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Jagwire Elite Cables Ditch Coatings for Ultra Slick, Polished Steel

Jagwire elite cable super polished no coating shift (3)

As drivetrains get more and more speeds, and shifting tolerances become more exact, the quality of shift cable is more important than ever. Many cables rely on a polymer or PTFE coating to offer silky smooth shifting, but coatings usually suffer the same fate – they wear long before the steel cable inside.

For Jagwire’s new Elite cables the answer is simple. Just eliminate the coating completely. Instead of coating the cable Jagwire has revisited the construction itself which achieves an impressively smooth finish thanks to stainless steel strands that are tightly wound and then highly polished. The polishing process removes any of the burrs on a microscopic level that make the cable less slick and creates a cable that supposedly functions just as well as coated cables but is more durable.

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Wheels Manufacturing heats up with cryo-hardened Zero ceramic BB’s

wheels-manufacturing-bb30-to-24-zero-ceramic-bearing-bottom-bracket2

Technically these have been available direct from Wheels Manufacturing for about eight months now, offered in what they’ve called a “soft launch”, but they’re making their formal introduction at QBP’s Frost Bike this week. This means they’re going prime time with broader distribution, and as their reps show them off in below freezing temps, the story of what makes the Zero ceramic bearings special will seem right at home.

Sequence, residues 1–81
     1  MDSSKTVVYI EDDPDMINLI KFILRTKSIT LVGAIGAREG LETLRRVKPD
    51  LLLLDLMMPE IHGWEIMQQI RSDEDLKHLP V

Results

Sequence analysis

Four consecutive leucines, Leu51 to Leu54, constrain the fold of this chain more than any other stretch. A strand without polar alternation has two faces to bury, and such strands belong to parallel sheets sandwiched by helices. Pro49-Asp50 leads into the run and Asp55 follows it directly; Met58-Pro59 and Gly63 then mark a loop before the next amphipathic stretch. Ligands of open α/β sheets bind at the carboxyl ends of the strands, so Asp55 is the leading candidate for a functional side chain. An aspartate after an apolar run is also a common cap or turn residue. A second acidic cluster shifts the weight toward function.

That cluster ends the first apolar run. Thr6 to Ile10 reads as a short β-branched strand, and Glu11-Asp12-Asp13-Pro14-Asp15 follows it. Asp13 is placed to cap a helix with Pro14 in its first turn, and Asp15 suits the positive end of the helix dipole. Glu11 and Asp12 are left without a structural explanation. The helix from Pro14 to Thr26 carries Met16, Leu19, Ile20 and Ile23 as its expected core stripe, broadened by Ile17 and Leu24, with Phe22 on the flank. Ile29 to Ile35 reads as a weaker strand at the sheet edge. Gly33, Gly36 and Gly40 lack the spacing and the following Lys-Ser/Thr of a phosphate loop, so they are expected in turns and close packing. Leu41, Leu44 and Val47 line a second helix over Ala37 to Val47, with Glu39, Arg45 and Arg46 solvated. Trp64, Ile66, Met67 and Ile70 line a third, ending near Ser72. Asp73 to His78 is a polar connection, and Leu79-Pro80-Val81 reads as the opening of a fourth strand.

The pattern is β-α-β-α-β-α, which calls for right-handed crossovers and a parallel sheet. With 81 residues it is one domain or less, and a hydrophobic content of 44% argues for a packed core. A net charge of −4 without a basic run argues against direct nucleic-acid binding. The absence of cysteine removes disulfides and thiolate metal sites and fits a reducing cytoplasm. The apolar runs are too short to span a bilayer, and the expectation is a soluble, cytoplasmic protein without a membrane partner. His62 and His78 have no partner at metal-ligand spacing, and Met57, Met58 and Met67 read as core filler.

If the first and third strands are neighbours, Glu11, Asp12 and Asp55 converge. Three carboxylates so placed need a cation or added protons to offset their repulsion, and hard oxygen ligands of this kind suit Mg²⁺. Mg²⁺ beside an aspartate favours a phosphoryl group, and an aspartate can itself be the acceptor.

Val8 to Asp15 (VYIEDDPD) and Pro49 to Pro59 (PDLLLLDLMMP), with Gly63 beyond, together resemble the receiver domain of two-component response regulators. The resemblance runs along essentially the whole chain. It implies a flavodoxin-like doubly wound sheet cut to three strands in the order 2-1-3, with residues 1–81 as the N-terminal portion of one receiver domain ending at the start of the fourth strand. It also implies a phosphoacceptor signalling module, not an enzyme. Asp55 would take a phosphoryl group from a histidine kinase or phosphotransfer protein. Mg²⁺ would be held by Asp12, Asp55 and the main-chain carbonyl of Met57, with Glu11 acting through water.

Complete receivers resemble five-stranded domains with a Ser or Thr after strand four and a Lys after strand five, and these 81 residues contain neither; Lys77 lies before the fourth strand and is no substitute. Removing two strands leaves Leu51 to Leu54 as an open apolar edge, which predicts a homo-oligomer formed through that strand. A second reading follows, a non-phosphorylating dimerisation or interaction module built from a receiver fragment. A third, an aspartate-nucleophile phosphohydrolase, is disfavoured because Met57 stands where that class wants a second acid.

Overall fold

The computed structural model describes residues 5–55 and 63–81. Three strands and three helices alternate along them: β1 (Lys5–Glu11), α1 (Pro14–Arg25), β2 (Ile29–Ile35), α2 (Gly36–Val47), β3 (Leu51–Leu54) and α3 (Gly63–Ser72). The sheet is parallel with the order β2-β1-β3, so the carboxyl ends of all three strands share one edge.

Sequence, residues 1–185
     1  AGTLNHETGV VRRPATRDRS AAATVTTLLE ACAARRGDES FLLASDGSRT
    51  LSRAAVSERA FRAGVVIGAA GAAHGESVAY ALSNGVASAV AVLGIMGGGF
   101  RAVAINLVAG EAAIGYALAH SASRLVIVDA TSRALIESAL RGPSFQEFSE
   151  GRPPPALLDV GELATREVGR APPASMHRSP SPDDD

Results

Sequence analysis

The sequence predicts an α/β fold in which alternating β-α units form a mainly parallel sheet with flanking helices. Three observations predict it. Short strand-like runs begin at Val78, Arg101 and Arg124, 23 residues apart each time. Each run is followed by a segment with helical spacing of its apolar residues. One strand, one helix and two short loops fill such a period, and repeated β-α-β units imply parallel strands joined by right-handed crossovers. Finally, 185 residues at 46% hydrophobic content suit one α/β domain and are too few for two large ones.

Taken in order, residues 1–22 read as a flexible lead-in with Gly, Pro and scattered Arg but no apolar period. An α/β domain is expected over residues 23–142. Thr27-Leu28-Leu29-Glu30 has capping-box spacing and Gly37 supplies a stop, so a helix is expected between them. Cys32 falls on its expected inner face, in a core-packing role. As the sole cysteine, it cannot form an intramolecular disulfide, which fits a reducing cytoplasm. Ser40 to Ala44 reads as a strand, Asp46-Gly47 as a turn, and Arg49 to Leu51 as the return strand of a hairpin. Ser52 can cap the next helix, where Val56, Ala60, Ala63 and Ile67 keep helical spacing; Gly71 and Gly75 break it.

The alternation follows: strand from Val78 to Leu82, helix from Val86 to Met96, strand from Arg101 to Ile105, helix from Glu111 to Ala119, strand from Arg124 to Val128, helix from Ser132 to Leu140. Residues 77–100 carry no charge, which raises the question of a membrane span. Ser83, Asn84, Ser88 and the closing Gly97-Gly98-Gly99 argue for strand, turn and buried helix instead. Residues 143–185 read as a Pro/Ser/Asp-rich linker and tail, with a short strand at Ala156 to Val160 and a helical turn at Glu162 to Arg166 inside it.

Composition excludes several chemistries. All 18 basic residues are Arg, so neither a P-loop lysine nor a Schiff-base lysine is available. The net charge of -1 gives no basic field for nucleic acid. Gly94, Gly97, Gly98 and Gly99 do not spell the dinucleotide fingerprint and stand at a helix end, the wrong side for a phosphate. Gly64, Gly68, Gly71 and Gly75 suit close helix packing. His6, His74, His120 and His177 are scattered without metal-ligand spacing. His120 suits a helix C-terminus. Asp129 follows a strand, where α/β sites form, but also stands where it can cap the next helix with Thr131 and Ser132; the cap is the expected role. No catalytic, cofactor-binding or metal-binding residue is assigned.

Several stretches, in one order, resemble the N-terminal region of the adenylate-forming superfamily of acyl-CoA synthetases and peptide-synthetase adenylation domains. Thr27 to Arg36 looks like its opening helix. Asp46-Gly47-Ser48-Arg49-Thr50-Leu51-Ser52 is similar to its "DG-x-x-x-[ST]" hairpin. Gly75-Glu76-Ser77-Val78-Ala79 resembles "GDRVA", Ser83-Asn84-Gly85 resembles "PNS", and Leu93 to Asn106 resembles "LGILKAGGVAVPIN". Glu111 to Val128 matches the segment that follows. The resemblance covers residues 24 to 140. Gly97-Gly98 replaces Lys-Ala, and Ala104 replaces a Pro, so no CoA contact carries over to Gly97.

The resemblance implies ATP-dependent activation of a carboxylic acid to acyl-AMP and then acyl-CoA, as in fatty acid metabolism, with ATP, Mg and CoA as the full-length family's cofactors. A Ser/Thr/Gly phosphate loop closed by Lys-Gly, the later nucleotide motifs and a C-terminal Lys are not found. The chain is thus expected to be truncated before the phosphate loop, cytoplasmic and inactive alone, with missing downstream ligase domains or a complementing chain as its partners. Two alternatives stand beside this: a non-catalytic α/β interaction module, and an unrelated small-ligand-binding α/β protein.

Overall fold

Using solid ceramic bearings, the races are cryogenically frozen to make them ultra hard. That increases the smoothness and durability, and then they swap in a single-lip seal rather than the usual dual lip seal to further reduce drag. Here’s the nuts and bolts of it…

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ZIPP Recalling First Generation 88 Hubs from 2008-2010

Zipp_88_hub_recall_Gen1_affected_hubs2

SRAM sent us a communique at the end of the week that we thought we should pass along since it included the phrase “failure that might result in an ejection of all the wheel’s spokes.” Yeah, that would be bad. Obviously this hasn’t happened on the majority of the 88 hubs since they made about 12,000 of them in this version, but with 2 reported failures, the danger is high enough to urge caution and get them replaced ASAP. Affected wheelsets came OEM on several high-end Cannondale, Felt, Giant, Orbea, and Specialized bikes from 2009-2011, as well as just about all of their high-end front wheels sold from October 2008 – December 2010.

The root of this recall is spoke retention, a concern only with first generation front hubs. Specifically, the first generation 88 hubs could incur retaining ring failure that might result in an ejection of all the wheel’s spokes. This may result in wheel failure.

Anyway Zipp parent SRAM has initiated a recall through the CPSC and you can find more info there. SRAM wants to get all affected owners back out on safe wheels quickly, so local SRAM or Zipp dealers should be able to quickly start the warranty process and in most cases rebuild the affected wheel with the newer, redesigned hub. Come past the break for a simple look at how to tell if your wheels are affected.